Few negotiators in Beijing see a deal as possible ahead of the 2020 U.S. election, in part because it’s dangerous for any official to advise President Xi Jinping to trust Trump will abide by terms of a deal, Bloomberg reported Tuesday, citing unnamed Chinese officials.
- Trump claimed on Monday that Chinese officials had been in contact with “our top trade people” and said “let’s get back to the table.”
- This was refuted quickly by Hu Xijin, editor-in-chief of China's state-sponsored Global Times newspaper. Hu has quickly become a mouthpiece of sorts for China's top officials.
Ratings agency S&P Global also expressed doubt about a trade war solution, joining other organizations with similar sentiments this week.
- "The latest retaliations in the U.S.-China trade dispute seem to dash any chance of a near-term resolution," S&P ratings analysts said, highlighting fresh tariffs announced by the Office of the U.S. Trade Representative last week that would add an additional 5% tariff on the approximately $550 billion worth of goods the U.S. imports from China.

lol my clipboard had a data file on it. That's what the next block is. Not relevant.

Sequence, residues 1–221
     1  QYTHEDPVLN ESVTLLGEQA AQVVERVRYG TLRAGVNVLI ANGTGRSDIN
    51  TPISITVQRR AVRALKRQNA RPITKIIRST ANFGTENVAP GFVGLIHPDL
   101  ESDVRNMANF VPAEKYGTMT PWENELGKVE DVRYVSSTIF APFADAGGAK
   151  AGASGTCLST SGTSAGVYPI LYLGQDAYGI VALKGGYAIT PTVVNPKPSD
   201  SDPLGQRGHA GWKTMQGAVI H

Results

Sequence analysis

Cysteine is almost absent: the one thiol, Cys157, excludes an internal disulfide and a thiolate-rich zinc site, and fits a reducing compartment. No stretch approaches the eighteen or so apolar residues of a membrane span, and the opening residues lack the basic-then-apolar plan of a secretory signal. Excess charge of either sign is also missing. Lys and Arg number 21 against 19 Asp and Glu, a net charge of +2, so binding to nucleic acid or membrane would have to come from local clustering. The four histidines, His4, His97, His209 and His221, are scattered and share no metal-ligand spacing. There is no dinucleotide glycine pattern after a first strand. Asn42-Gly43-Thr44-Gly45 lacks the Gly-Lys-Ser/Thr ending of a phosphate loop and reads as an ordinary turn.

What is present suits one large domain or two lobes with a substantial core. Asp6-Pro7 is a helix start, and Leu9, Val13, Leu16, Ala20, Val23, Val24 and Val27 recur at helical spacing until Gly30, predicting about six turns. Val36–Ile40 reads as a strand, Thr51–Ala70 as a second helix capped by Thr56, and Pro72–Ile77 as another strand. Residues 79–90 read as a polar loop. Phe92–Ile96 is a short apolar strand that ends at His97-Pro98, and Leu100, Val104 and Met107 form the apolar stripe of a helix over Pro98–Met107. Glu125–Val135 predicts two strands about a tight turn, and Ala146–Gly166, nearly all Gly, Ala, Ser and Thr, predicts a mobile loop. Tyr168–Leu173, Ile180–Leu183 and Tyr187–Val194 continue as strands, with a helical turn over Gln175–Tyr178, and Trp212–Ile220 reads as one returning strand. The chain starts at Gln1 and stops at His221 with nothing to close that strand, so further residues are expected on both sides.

- "[T]hese recent events have shaken investor confidence further, and incrementally worsened the global business and economic outlook."
Investor worry is growing about the president's ability to broker a near-term deal.
- “From Friday to now has been just head-spinning on the trade issue,” David Donabedian, chief investment officer of CIBC Private Wealth Management, told Bloomberg. “I don’t think the president’s recent comments marked the beginning of a solid or consistent trajectory to a resolution here.”